In 1957 and 1968, influenza pandemics swept the world. Both were minor incidents by pandemic standards, at least in the United States. In both cases, nearly 30% of the population became ill. The viruses were highly efficient. They were not virulent, and only a small percentage of people died.
In 1918, however, the Spanish flu pandemic was both efficient and virulent, and it produced a world-changing event when more than 40 million people died. A pandemic of equal proportion would affect millions within the United States.
There is no reason to believe that the 21st century will be different than centuries past. Nature is overdue. That is among the reasons that governments are watching closely as a virus known as H5N1 or avian flu spreads around the world.
I spent much of last fall in the Gulf Coast region in shelters set up for evacuees of Hurricane Katrina. There are important lessons to be learned from that experience. One lesson is that we have to think about the unthinkable, because sometimes it happens. Another lesson is that preparation before an emergency is more important than what we do after the emergency.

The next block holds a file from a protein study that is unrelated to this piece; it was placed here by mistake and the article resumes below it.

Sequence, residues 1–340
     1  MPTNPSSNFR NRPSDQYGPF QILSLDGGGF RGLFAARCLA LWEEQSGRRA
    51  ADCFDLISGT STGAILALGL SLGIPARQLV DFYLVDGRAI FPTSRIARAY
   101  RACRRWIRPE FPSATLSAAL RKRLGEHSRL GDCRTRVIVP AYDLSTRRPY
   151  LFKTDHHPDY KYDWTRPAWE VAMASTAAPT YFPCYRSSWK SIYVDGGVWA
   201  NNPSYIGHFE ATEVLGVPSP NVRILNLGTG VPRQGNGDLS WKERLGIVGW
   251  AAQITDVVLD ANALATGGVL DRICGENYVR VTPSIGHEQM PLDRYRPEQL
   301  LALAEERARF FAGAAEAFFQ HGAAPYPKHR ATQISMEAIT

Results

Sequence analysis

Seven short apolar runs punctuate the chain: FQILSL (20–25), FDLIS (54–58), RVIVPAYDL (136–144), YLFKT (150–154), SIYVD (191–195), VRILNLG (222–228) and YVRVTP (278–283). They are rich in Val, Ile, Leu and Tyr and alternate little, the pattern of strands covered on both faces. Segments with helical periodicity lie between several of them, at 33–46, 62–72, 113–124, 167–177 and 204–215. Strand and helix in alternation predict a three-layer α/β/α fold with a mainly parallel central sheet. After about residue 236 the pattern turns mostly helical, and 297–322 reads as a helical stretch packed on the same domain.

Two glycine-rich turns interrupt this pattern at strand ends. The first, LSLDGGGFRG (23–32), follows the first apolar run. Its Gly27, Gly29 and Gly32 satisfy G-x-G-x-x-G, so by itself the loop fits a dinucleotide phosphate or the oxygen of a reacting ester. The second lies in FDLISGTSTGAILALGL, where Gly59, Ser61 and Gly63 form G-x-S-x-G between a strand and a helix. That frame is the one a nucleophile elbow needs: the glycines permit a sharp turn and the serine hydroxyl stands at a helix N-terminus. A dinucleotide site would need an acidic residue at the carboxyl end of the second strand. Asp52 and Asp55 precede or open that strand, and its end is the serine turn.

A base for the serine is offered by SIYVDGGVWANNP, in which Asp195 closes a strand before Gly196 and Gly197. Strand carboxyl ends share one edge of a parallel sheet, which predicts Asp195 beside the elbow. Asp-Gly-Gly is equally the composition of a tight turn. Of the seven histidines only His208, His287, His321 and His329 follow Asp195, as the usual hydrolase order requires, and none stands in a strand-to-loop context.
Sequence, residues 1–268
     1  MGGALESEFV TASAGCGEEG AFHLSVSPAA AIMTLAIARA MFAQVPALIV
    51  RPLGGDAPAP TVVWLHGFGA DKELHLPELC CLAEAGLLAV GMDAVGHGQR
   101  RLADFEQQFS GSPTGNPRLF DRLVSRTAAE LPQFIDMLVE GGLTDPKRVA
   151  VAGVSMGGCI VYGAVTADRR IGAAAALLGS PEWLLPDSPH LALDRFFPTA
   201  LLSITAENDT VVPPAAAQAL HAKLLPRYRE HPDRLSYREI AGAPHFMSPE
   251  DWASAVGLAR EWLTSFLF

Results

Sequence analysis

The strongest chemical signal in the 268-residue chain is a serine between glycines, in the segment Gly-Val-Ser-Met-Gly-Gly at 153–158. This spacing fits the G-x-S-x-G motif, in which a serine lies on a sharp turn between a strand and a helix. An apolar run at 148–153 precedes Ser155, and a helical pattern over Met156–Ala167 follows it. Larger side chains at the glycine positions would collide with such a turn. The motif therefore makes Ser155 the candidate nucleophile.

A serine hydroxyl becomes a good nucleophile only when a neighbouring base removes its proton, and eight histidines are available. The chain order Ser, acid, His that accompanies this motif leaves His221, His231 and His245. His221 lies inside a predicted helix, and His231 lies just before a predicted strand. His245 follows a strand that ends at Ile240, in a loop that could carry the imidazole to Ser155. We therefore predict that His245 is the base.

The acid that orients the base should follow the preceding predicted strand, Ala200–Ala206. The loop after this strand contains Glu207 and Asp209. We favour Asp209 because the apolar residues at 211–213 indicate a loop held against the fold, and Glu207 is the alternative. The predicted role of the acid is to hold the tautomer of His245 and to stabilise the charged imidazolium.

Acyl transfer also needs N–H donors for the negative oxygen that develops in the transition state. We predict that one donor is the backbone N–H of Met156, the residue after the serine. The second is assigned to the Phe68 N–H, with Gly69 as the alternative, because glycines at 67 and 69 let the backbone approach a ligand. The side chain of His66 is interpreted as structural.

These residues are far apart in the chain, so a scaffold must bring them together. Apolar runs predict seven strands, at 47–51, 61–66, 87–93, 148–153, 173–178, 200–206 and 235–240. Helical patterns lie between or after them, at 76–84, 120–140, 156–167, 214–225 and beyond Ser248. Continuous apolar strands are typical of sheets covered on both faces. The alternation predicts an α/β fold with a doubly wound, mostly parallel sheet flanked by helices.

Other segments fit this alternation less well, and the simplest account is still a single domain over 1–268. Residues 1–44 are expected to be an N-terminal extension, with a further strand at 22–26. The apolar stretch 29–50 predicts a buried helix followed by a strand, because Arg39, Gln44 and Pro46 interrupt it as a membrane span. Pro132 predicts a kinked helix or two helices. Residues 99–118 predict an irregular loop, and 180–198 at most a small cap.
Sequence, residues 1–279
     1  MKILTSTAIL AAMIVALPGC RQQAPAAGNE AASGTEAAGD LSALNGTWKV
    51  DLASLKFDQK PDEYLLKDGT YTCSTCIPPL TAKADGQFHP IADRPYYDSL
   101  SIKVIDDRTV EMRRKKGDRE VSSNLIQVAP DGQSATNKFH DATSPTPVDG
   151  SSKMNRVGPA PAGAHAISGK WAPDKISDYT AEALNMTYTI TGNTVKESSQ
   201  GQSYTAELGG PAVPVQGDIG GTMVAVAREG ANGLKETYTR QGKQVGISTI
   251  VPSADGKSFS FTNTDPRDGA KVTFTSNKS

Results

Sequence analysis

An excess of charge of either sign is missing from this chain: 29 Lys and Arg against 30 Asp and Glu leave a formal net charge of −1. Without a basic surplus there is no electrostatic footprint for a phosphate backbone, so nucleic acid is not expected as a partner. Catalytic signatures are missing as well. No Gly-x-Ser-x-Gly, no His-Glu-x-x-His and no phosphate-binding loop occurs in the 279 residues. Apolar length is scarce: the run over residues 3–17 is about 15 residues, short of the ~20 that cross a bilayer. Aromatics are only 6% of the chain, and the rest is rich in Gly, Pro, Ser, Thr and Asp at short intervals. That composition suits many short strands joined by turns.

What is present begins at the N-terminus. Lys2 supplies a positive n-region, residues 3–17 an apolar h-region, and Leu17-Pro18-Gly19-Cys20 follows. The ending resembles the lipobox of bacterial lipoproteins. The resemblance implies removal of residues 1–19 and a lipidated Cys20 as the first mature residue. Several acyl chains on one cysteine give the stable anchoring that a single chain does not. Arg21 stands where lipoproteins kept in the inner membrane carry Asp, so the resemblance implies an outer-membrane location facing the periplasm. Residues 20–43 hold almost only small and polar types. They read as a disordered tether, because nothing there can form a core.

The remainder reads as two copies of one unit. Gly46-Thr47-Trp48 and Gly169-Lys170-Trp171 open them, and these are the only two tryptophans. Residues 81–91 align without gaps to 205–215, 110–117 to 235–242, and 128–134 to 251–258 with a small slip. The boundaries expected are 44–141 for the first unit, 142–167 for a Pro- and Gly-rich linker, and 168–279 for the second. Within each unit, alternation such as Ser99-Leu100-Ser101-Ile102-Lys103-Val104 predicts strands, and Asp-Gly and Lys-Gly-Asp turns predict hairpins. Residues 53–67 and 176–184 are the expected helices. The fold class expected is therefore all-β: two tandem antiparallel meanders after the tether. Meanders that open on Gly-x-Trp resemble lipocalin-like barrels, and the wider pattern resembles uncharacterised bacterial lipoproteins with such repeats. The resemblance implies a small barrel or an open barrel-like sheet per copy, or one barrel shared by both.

I also learned the differences between a pandemic and any other disaster. Katrina was a devastating storm affecting Louisiana, Mississippi, and parts of Alabama. I saw people from all over America who rushed to the Gulf Coast region to help. That could not happen in a pandemic, because the same thing would be happening in their hometown.
Our nation is mobilizing to prepare, but the foundation of national preparedness is individual readiness.